There are songwriters and musicians who reach more people with spiritual practices than could be reached by a hundred books of religion and spirituality. Woody Guthrie was one of these.

He was born in Oklahoma in 1912, when the state was brand-new. His people were poor to middle class. His mother was thought to be insane, but in fact suffered and died from Huntington’s disease, a neurological disorder that Woody inherited and died from in 1967.

He grew up listening to Gospel tunes and the blues of Black laborers he sometimes worked beside. Once he learned to play the guitar and harmonica, he began, insatiably, to write songs. By some accounts, he penned as many as 3,000 folk songs, the most famous of which is “This Land Is Your Land,” written to counter the exceptionalism of “God Bless America.”

His greatest influence was on Pete Seeger, Bob Dylan, and Bruce Springsteen — deeply spiritual practitioners of the singing-songwriting arts, all.

This big book was curated by his daughter Nora, president of The Woody Guthrie Foundation, and award-winning music historian Robert Santelli. It contains journal jottings, forgotten lyrics, letters written in pencil (shown as illustrations), and short articles by Woody and about Woody, reflecting his values, which were generous, merciful, and focused always on justice.

Guthrie stood up for the poor and the downtrodden. He told their stories and cried out against the injustices that led to so many of their troubles. For example, the authors tell us, “In the late 1930s, Woody often sang and played at migrant camps for ‘Okies’ [Oklahomans who were in California as refugees during the Dust Bowl] living in cars, tents, and shacks, as well as for those living in the workers’ housing communities newly created by the Farm Security Administration. He also performed out in the fields with actors Will Geer and Cisco Houston, creating agitprop theater promoting an agricultural workers’ union.” And then the photographs of these events make this book a documentary.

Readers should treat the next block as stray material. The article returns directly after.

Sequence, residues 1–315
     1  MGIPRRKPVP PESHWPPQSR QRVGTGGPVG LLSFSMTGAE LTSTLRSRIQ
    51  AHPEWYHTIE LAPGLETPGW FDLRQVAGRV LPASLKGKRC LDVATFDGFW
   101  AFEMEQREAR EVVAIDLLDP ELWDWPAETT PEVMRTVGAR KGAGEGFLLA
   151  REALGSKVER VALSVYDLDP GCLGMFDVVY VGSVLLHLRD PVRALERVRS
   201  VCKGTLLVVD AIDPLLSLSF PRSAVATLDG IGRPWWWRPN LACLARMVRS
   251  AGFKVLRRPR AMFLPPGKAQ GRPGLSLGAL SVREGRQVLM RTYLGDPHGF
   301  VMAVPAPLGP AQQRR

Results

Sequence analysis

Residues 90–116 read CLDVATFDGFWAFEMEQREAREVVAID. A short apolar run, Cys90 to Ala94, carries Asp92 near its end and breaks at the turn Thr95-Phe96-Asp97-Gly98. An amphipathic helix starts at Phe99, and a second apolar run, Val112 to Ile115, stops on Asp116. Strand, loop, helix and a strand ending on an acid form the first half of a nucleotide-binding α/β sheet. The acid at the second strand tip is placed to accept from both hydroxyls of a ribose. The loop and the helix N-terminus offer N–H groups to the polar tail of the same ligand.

There was also the time: “In 1950, the Guthrie family moved into the Beach Haven apartment complex in Brighton Beach, Brooklyn, which was owned and operated by Fred Trump. When Woody discovered their racist rental policies, he wrote damning songs and essays about them.”

One of the great pages in this book is a full-page photographic reproduction of a typewritten sheet of paper on which Woody laid out the lyrics to his song “You Fascists Bound to Lose” with his pencil notes and jottings all over the page.

There are never before published lyrics and poems here, too, some that may never have been set to music or performed, such as:

“I cannot help
But learn my most
From you who count yourself least
And cannot help
But feel my best when
You that need me most
Ask me to help
And I never did know exactly why this was
That is just
The way
We are built.”

He became famous, was on television, made albums, and performed widely. He wrote an autobiography, Bound for Glory, that received wide acclaim. This was scripted for the big screen back in the 1970s, and we reviewed it here.

Woody’s son Arlo writes about his dad’s spirituality in the last chapter of this book (see the excerpt), and he quotes his dad as saying: “I got me sort of a one man religion. My religion is so big, no matter who you are, you’re in it, and no matter what you do you can’t get out of it.”